“Who the fuck is Leonard Cooney?”

My mom backed up against the counter. “What?” she asked in a startled, slightly panicked state.

“Who the fuck is Leonard Cooney!” he yelled as he threw the napkin in real anger at her feet.

My mom suddenly realized what was going on and immediately placated him with, “No, no. It’s Leonard Cohen, Leonard Cohen,” and bent to pick up the napkin to show it to him.

“Who the fuck is Leonard Cohen?!”

I, too, was taken aback by my dad’s outburst and the visceral anger he displayed. But I soon saw what was happening and began to laugh. I was also laughing to try and calm him down. I grew up on the wrong side of the tracks and my dad grew up on the wrong side of the wrong side of the tracks. He’s a retired firefighter and former Golden Glove champion boxer. Most music and all poetry are foreign to him.

My mom was still trying to reduce my dad’s rage. “The singer, Leonard Cohen. Barry and Pierre met him in a restaurant.” With that, my dad glared at me. She continued, “You know: ‘First we take Manhattan, then we take Berlin,’ you know.”

My dad was now becoming confused. “What the hell is that?” I noticed his anger dipping a little.

“The Leonard Cohen song,” my mom replied, then turned to me. “Sing it, Barry.”

I’d often done an impression of that song for my Mom. But now I was really starting to laugh and trying to sing it was impossible. But I calmed down a little and was able to tell my dad the story of meeting Leonard Cohen. He eventually understood and started to laugh a little as well. But he was embarrassed. For showing his weakness towards my mom, he had again proved that he was, is and always will be madly in love with her.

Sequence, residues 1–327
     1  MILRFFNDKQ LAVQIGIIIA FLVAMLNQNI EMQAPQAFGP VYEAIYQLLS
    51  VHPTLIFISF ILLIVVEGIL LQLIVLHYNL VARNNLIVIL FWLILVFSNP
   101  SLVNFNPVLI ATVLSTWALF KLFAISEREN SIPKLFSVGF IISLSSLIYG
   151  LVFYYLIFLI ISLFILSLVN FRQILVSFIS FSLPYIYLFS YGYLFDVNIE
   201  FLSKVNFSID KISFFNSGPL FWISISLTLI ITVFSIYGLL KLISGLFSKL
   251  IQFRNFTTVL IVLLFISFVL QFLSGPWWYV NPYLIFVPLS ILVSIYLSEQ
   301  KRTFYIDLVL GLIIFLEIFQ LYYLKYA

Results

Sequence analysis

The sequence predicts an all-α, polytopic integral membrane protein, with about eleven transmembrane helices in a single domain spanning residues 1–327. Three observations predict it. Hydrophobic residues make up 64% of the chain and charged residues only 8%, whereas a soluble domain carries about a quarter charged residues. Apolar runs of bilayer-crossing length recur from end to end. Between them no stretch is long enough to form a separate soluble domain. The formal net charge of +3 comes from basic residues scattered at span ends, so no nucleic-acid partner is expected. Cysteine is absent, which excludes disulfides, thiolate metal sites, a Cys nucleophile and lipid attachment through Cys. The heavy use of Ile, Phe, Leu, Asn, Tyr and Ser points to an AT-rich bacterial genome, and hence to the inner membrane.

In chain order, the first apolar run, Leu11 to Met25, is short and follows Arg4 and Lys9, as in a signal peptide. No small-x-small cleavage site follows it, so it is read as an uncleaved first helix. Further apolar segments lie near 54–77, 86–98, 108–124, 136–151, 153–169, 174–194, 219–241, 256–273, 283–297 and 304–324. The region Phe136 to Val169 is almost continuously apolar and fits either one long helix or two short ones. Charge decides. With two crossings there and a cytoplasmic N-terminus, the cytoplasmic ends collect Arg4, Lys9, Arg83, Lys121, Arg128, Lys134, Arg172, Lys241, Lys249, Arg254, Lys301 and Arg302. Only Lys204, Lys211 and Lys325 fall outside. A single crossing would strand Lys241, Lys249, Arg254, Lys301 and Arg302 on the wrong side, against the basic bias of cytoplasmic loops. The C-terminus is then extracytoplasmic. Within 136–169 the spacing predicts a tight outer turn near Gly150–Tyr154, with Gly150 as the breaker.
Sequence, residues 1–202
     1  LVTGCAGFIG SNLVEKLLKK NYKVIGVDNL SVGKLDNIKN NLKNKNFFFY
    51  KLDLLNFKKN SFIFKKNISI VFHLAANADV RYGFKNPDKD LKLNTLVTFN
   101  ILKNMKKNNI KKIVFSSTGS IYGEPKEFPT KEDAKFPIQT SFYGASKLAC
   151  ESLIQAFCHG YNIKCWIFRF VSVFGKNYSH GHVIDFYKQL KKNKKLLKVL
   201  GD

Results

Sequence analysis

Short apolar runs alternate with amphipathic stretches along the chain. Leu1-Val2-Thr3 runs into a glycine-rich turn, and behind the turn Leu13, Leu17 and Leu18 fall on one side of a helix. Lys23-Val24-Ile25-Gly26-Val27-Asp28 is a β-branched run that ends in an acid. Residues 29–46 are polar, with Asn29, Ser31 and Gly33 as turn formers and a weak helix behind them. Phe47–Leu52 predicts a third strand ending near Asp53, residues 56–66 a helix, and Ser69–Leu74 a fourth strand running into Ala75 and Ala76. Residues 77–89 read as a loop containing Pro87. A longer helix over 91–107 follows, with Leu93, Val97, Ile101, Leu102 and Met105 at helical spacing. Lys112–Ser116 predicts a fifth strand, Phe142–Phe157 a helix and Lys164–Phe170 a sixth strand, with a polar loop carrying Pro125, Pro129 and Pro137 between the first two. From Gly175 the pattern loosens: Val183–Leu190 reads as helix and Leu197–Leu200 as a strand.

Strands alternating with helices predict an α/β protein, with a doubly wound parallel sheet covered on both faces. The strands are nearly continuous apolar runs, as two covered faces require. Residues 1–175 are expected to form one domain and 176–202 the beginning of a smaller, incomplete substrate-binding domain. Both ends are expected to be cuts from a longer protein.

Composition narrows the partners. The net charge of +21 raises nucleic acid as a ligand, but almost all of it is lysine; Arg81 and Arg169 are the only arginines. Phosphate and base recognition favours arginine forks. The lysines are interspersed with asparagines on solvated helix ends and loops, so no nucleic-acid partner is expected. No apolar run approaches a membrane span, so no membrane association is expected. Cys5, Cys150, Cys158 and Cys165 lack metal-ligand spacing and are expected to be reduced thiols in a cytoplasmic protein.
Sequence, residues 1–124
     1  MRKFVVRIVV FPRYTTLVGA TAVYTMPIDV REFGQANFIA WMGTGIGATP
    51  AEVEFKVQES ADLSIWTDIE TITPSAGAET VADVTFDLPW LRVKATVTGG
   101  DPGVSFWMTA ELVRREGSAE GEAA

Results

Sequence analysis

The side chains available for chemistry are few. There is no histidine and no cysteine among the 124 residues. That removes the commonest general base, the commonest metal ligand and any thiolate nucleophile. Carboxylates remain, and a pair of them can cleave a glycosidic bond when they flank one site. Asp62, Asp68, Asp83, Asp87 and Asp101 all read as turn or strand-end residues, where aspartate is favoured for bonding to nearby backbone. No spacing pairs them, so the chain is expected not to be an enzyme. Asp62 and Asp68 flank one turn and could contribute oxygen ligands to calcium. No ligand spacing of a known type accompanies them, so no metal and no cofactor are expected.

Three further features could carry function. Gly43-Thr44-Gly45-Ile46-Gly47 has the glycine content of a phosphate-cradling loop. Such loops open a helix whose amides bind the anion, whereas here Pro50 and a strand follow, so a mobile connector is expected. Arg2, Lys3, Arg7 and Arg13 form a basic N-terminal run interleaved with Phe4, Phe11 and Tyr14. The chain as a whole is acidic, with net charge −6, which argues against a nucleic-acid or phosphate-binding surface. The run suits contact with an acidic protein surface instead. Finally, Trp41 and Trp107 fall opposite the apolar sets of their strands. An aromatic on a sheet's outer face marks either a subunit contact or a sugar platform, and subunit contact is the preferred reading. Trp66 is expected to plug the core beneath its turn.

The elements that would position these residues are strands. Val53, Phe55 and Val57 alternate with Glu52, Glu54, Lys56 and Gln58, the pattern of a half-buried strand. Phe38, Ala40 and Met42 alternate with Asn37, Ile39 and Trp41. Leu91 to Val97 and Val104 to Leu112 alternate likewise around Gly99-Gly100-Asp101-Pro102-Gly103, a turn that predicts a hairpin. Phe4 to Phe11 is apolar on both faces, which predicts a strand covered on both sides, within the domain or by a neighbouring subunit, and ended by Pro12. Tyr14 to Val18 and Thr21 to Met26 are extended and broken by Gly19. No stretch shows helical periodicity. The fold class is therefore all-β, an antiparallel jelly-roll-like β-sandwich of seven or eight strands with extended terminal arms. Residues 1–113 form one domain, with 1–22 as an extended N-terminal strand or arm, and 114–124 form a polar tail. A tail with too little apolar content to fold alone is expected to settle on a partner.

As an addendum to this story, last September, as I walked passed the Haddock Gates and turned onto the McGill campus, I saw Leonard Cohen walking towards me, alone. I felt that immediate rush of excitement and amazement upon seeing someone famous in person. But then right after, I was utterly dismayed at how he looked. He is now an old man. A very old man. It upset me. As we got closer to each other, I knew I needed to tell him the story. He met my obvious broad smile with a small one of his own. Time and disease have kicked the crap out of his body. But his grace remains full and complete.

“Mr. Cohen, I’m sorry to bother you but I have to tell you a story.”

He stopped right in front of me and said, “What’s that then?”

I proceeded to tell him about how his autograph played havoc with my dad. He was smiling throughout and laughed out loud when I got to the “Who the fuck is Leonard Cohen?!” part. A deep, wonderful laugh. I ended the telling of the story with my dad finally understanding and all of us laughing. I did not mention my dad’s embarrassment. I said, “See what your autograph did?” He said, “That’s wonderful.” I then said, “I’m just happy to have gotten the chance to tell it to you.”

Some part of me made me not say “I’m just happy to have gotten the chance to FINALLY tell it to you.”

Some part of me, looking at him then, was saying, “I’m just happy to have gotten the chance to tell it to you BEFORE YOU DIE.”

It would have been impossible to describe the look he gave me. But it was there and it was showing me these two parts of myself. After a moment, he reached out and gently touched my arm. He smiled and said,

“I miss jealousy.”